Susan Egan

Susan Egan

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Hercules Review


OK
Tepid Disney animated entry is redeemed by self-referential jokes about merchandising, and James Woods' neat Hades. Probably the beginning of the Disney-mocking-Disney genre of animated films... something which has saved the studio in recent years.

Porco Rosso Review


Excellent
Even Hayao Miyazaki's biggest fans are unlikely to have seen Porco Rosso, one of his most delightful -- and socially important -- works.

Title character Porco Rosso is, well, a man with the head of a pig, the result of a curse placed on him in some unknown earlier era. In 1930s Italy, he works as a bounty hunter, living on a quiet island beach in a little tent. When the phone rings, he jumps in his red prop plane and heads off to save whoever's calling from pirates, keeping his cool (as voiced by Michael Keaton in the U.S. dub) all the while.

Continue reading: Porco Rosso Review

Hercules Review


OK
Tepid Disney animated entry is redeemed by self-referential jokes about merchandising, and James Woods' neat Hades. Probably the beginning of the Disney-mocking-Disney genre of animated films... something which has saved the studio in recent years.

Continue reading: Hercules Review

Spirited Away Review


Excellent
Bizarre events unfold with an easy inevitability in the world of Spirited Away, director Hayao Miyazaki's latest anime opus. Miyazaki's heroine Chihiro is a modern-day Alice, trying to make sense of a fantastic and threatening looking glass world. But Spirited Away shares the soul of Willy Wonka and the Chocolate Factory, if the chocolate factory was replaced by a giant spa for stressed out ghosts. Like Charlie in Wonka's factory, Chihiro spends two hours navigating a byzantine bathhouse, transcending danger and chaos with innocent courage and naïve common sense. Spirited Away's imagination, visual brilliance, and humanity make this trip one of the most satisfying film experiences of the year.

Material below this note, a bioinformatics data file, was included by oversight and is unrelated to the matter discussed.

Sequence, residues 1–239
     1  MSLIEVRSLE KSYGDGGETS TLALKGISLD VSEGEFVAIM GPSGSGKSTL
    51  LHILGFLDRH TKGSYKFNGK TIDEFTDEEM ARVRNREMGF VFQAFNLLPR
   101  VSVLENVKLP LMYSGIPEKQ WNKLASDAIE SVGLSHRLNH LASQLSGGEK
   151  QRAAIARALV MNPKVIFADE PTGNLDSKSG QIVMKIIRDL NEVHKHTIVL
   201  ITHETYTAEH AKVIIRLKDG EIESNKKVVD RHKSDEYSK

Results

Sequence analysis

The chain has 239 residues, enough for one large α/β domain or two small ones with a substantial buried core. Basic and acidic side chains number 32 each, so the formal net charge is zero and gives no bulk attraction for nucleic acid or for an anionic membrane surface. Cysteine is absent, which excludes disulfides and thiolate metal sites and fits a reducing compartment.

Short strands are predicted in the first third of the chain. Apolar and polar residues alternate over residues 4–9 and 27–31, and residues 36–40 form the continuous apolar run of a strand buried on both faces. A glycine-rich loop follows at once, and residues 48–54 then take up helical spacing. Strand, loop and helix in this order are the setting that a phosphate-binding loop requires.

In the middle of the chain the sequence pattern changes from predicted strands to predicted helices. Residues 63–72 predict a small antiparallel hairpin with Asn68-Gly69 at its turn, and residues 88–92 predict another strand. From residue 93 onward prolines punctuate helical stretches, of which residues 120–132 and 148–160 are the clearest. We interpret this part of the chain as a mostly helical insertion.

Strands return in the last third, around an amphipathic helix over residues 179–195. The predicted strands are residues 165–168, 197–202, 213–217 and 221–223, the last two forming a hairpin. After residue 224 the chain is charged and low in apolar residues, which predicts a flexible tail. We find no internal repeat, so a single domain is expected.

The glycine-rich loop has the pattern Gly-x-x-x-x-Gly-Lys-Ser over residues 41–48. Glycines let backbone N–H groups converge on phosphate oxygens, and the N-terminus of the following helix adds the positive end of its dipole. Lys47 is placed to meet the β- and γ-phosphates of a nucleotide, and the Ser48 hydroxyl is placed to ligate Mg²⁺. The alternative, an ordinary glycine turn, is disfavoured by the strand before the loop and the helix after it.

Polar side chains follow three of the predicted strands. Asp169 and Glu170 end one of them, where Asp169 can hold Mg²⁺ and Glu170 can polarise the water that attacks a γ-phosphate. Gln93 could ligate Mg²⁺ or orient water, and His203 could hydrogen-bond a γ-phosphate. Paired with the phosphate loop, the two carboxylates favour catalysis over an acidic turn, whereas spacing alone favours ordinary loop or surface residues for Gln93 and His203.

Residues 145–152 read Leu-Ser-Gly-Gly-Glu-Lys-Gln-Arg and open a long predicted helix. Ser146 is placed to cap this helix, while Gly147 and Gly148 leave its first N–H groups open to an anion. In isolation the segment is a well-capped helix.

Spirited Away begins with the young Chihiro reluctantly accompanying her family as they explore a deserted amusement park. The girl's parents are seduced by a feast set up in one of the park's food stands and eventually turn into pigs. At sunset Chihiro is transported into an alternate phantom universe filled with lumbering radish men, the shrill and controlling witch Yubaba (voiced by Suzanne Pleshette in her finest performance since Oh God, Book II), and a trio of bouncing, disembodied heads. Looking for a way to free her parents and find a way home keeps Chihiro exploring this world long enough to uncover enough strange and amazing creatures to keep us glued to the screen for the duration.

Continue reading: Spirited Away Review

Man Of The Century Review


OK
Cute movie. Johnny Twennies (Gibson Frazier) lives in the '90s but behaves like it's his last name -- talking about moxie, flappers, and dames. And no one else is in on the joke. His encounters with modern-day women and situations are priceless but it's of course a one-note movie -- and why no one calls Johnny on his peccadilloes is never explained. Like I said, cute but hardly a comic masterpiece.

Man Of The Century Review


OK

Everything's jake to Johnny Twenties. Johnny is a newspaper man, see. He's got moxie and nobody's gonna play him for a sucker -- even if he is blissfully unaware of the world he lives in.

You see, Johnny Twenties is about 70 years behind the times. He's a fast-talkin', wise-crackin' upright joe straight out of a Howard Hawks comedy -- but he's resides in Manhattan, circa 1999.

The fedora-sporting hero of the neo-B-grade, screwball comedy "Man of the Century," Johnny is the invention of screenwriters Adam Abraham (who directed the film) and Gibson Frazier (who plays Johnny), who have created an ingenious homage to the kind of flicks that came and went in a week the 1920s and 1930s -- the kind of dime-a-dozen comedies that delighted the masses during the Depression, but will probably never be seen on American Movie Classics now.

Continue reading: Man Of The Century Review

Spirited Away Review


Weak

Maybe I just don't "get" anime. I've been trying for years, and several movies from this often-mythological genre of Japanese animation have bowled me over: "The Ghost in the Shell," "Akira" and this year's "Metropolis," for starters. The enchanting, fantastic "Kiki's Delivery Service," by Hayao Miyazaki, the Steven Spielberg of anime, is a particular favorite of mine.

But while all my fellow film critics seem to think Miyazaki's new film, "Spirited Away," is one of his very best, the fable-istic story of a little girl trapped in a parallel world of spirits left me unaffected and completely indifferent.

The picture begins with 10-year-old Chihiro (given the voice of Daveigh Chase -- Lilo in Disney's "Lilo and Stitch" -- for the film's American release) reluctantly following her curious, irresponsibly clueless parents into a hidden, abandoned building while looking for a back road to the new house they're just about to move in to.

Continue reading: Spirited Away Review

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